Animal Abuse Law Will Protect Kids Too

Animal Rights Articles

Moo-ving people toward compassionate living

Visit our Home Page
Write us with your comments

Animal Abuse Law Will Protect Kids Too

By Sharon Seltzer on
February 2010

Assembly Bill 747 will create stiffer penalties for crimes against animals when they are committed in front of a minor child or cause a child to mistreat an animal.

A new bill proposed in Wisconsin is going a step farther than the animal abuse registry introduced to lawmakers in California. The legislation is taking into consideration the influence animal cruelty has on kids.

Assembly Bill 747 will create stiffer penalties for crimes against animals when they are committed in front of a minor child or cause a child to mistreat an animal.

Similar to the innovative California online registry, the Wisconsin bill also acknowledges that cruelty to animals is a problem that encompasses more than just hurting an animal. It hurts society as well.

In her story Do You Know Who Your Neighbors Are? Care2 blogger Alicia Graef said, “Animal abuse is not just bad for animals either and has been extensively documented as a predictor of human abuse, and is often related to domestic violence, child abuse and other crimes.”

Assembly Bill 747 came about as a grassroots effort to reform Wisconsin’s statutes dealing with crimes against animals. Kathi Tucker is president of the organization pushing for the bill. The group is called Windchill Legacy.

She told Duluth News Tribune, “Children who are subjected to watching their family members abuse their pets are scarred for life, mentally, and often victims of child abuse themselves. They are also more likely to grow up and abuse their families and pets. We are doing what we can to stop this cycle of abuse.”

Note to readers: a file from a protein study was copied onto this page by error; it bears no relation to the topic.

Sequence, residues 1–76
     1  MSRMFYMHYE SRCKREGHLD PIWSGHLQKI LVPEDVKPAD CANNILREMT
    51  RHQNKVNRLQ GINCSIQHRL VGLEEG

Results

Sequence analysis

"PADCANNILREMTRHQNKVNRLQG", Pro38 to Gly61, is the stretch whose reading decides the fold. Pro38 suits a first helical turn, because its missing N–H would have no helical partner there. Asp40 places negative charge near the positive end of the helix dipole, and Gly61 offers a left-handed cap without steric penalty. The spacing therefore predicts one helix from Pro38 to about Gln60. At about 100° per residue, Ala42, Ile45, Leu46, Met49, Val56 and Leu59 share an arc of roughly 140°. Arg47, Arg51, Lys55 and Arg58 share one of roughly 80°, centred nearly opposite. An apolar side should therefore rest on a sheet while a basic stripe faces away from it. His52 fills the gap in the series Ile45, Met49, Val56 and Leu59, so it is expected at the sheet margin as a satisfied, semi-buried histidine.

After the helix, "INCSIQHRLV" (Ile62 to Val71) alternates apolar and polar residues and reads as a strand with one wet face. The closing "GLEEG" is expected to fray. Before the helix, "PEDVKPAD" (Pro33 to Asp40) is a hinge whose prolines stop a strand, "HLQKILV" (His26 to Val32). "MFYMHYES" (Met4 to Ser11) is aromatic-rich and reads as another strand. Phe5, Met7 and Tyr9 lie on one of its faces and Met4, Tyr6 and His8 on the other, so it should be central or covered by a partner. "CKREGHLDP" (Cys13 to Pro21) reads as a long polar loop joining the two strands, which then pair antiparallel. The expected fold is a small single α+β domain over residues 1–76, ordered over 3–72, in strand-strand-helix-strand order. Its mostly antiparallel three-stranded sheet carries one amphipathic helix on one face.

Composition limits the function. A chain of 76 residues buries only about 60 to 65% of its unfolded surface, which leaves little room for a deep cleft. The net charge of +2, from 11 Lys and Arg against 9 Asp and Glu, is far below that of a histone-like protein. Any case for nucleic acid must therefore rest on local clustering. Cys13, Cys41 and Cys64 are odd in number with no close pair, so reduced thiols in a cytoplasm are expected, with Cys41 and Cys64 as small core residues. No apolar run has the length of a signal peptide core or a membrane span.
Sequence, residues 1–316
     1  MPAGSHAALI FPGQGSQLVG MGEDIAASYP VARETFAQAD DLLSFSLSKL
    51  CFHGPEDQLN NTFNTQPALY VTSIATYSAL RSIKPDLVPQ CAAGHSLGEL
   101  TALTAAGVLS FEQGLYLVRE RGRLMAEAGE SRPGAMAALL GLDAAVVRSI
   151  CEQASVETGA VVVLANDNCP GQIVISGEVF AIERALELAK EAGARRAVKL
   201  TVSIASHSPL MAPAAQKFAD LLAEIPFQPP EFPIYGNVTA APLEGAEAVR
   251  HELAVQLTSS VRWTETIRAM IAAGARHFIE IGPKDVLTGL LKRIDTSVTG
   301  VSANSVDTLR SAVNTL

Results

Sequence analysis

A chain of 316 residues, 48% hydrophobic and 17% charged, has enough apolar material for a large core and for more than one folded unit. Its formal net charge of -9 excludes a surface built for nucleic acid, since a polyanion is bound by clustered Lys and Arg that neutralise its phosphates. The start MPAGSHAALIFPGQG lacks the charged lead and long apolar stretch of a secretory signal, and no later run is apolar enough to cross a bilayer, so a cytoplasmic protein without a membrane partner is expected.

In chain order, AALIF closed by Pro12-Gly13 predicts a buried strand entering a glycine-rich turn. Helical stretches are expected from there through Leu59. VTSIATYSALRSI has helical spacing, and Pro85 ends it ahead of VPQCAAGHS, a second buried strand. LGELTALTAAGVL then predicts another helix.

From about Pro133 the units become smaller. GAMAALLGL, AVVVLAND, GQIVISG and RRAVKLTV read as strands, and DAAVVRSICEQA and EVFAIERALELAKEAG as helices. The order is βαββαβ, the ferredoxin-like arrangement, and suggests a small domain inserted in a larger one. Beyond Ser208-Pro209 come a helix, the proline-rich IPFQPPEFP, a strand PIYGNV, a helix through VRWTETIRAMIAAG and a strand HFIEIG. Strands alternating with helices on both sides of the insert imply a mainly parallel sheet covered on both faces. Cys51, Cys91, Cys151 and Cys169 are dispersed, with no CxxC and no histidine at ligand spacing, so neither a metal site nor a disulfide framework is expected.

The group’s name is in honor of a 9-month-old colt that was found near death in a pasture in February 9, 2008. He was malnourished, covered in ice and snow and unable to stand. The wind chill that day was between 40 and 55 degrees below zero. The colt, nicknamed Windchill, was being boarded for the winter by his owner on a farm that Shane and Pamela Javenkoski shared with their family. Both adults were charged with animal negligence.

The little colt was covered in blankets and taken to a neighboring farm where he received medical attention and an outpouring of love from the public. He started to show signs of improvement over the next several days, but 20 days into his recovery Windchill died.

That’s when the grassroots organization of neighbors and friends decided change the law and close up longstanding loopholes. They are asking that abusers undergo a psychological assessment, anger management, counseling or treatment. This is in addition to criminal charges and penalties.

Assembly Bill 747 also proposes protection to animals from irresponsible owners who fail to prevent their pets from excessive pain and suffering. The new law would have saved the life in a recent case where a dog was hit by car and made to suffer by its owners who refused to get veterinary help, euthanize or surrender him. The dog died of his injuries, one week later.

Laws like the California animal abuse registry and Wisconsin’s Bill 747 are needed to protect the public, kids and innocent animals from abuse and give officials the authority needed to prosecute cruel behavior.